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Nutter Attorneys Participate in Equal Justice Coalition’s 2017 Walk to the Hill

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Walk to the Hill On January 26, 2017, approximately twenty Nutter attorneys participated in the 18th annual Walk to the Hill to urge lawmakers to protect state funding for programs that provide civil legal aid to low-income Massachusetts residents. Associates Nick Stabile and Andrew McArdell served as the firm’s co-captains this year, leading Nutter lawyers on one of the largest lobbying days at the Massachusetts State House. Nutter has supported the Walk to the Hill since its inception.

Below, Nutter attorneys share insights about why they walked and the importance of civil legal aid being available in Massachusetts.

Q: Why do you walk?

Andrew McArdell (associate in the Litigation Department): The legal system is enormously complicated. Civil legal aid gives those most in need a much-improved chance at navigating it successfully.

Matthew Fecteau (associate in the Trusts and Estates Department): Just because someone can’t afford a lawyer doesn’t mean that their problems aren’t worthy of legal representation.

TaraLynn Casperson (associate in the Trusts and Estates Department): To support the Equal Justice Coalition’s effort to preserve funding for programs that can make a huge difference in the lives of those who need legal services the most.

Q: What brings you back to participate in the event year after year?

Mary Ryan (partner in the Litigation Department): State funding for civil legal aid is critical and I am proud to be part of how Nutter and the legal community come together to do our part to support this essential funding source – there is strength in numbers!

Aimee Bryant (associate in the Trusts and Estates Department): Important, valuable tradition at Nutter and firms across the city. It is critical to reaffirm our commitment to equal access to justice year after year.

Alison Casey (associate in the Litigation Department): It’s so inspirational to gather at the State House year after year to support the important work of ensuring that all have access to legal counsel and justice.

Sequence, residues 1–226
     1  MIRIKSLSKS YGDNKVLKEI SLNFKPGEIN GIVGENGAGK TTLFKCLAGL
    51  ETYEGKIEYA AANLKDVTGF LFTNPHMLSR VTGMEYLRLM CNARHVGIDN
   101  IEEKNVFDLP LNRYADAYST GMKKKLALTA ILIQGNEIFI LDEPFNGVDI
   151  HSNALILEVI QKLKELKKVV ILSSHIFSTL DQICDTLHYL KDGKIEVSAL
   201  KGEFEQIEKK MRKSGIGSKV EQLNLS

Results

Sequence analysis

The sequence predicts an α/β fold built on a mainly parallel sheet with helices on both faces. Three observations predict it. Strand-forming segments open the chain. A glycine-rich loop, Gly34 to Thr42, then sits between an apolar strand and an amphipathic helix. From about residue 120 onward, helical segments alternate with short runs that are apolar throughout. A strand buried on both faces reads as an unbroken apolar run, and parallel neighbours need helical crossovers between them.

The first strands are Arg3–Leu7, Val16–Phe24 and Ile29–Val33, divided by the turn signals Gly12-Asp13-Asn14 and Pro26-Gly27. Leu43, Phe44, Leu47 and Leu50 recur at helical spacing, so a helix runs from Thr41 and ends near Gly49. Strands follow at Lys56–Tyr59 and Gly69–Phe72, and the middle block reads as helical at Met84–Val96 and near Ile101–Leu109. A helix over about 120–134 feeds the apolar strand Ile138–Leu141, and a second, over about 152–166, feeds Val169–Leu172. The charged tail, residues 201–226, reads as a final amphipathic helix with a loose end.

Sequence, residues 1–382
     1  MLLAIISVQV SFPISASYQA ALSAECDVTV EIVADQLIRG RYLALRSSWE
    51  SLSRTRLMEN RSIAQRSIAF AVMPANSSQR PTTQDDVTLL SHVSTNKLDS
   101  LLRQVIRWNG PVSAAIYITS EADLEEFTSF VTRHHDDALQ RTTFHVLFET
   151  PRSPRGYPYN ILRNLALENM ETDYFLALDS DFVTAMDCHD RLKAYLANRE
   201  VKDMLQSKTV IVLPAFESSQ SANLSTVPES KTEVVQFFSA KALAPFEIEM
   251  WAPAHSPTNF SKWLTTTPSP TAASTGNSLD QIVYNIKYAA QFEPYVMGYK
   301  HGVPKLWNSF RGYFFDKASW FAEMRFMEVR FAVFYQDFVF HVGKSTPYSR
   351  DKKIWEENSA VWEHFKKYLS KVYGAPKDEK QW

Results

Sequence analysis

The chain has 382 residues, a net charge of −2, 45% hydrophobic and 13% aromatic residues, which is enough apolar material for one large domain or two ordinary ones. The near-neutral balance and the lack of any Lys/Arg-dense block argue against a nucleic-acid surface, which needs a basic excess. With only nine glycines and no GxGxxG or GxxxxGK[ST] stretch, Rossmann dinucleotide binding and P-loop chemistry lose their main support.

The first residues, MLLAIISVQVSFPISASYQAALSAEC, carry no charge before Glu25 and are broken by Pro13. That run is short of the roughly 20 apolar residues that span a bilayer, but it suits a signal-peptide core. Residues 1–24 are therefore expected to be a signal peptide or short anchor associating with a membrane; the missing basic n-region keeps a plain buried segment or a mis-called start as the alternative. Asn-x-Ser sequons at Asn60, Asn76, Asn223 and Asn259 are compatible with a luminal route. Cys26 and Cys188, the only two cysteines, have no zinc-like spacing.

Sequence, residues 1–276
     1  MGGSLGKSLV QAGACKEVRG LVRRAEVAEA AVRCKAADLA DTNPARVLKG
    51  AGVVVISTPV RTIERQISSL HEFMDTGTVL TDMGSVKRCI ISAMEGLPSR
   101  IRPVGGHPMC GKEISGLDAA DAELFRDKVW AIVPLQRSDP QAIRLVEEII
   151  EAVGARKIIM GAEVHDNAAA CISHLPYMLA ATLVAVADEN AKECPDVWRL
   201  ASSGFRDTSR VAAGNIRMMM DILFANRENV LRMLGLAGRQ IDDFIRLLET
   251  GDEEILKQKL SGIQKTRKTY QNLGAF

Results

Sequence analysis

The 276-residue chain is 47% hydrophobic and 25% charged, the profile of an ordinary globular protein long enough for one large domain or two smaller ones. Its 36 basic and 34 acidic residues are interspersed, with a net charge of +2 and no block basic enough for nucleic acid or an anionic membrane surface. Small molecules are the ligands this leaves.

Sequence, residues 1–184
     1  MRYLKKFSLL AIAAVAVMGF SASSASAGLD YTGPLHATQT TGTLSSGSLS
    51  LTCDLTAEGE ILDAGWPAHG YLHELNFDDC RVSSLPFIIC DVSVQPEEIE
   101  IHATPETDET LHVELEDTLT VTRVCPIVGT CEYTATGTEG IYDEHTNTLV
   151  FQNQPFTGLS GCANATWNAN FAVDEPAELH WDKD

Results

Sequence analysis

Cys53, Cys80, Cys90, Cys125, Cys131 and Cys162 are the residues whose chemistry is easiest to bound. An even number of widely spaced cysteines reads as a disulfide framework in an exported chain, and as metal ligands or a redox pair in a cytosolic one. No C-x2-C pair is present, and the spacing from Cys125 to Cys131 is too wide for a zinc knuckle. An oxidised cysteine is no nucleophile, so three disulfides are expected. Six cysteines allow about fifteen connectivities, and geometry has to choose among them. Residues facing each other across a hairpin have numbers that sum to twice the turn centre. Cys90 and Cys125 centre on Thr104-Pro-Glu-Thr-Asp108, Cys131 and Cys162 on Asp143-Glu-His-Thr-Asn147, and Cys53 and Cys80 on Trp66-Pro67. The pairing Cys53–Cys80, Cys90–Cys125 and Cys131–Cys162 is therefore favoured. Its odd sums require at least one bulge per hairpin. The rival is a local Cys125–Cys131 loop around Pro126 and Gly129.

Q: What was your experience of participating in the 2017 Walk to the Hill?

Nick Stabile (associate in the Trusts and Estates Department): The Walk provides a great social/professional forum to reconnect with former classmates and professional contacts in your field, as well as to have a chance to meet your elected representatives. It's also a very inspiring event, and the way that so many people can mobilize to support a cause is really remarkable.

McArdell: The remarks were riveting. Chief Justice Gants was compassionate, as always. And the GBLS client’s story was incredible; a man with a serious health condition needed help preserving his coverage, and the legal aid he received may have saved his life. Visiting the legislators was a lot of fun; though they were not present themselves, their aides were patient and aware of what we sought.

Q: Does Walk to the Hill have an impact on Boston’s legal community?

Stabile: In addition to the specific benefits the Walk provides for legal aid organizations, it's an amazing forum for lawyers practicing in Boston (and beyond!) to come together as one and show their support for programs and institutions that are a cornerstone of the legal profession. Even though different parts of Boston and different towns across Massachusetts will benefit from legal aid in different ways, the Walk is a strong way for attorneys to deliver a message and affirm their commitment to equal justice.

McArdell: Yes—especially this year. The unpredictable state of federal budgetary priorities was a galvanizing force for this state-centered effort. The legal community is keenly aware that—now, more than ever—we have to act to protect all of the Commonwealth’s citizens and ensure their equal access to justice.

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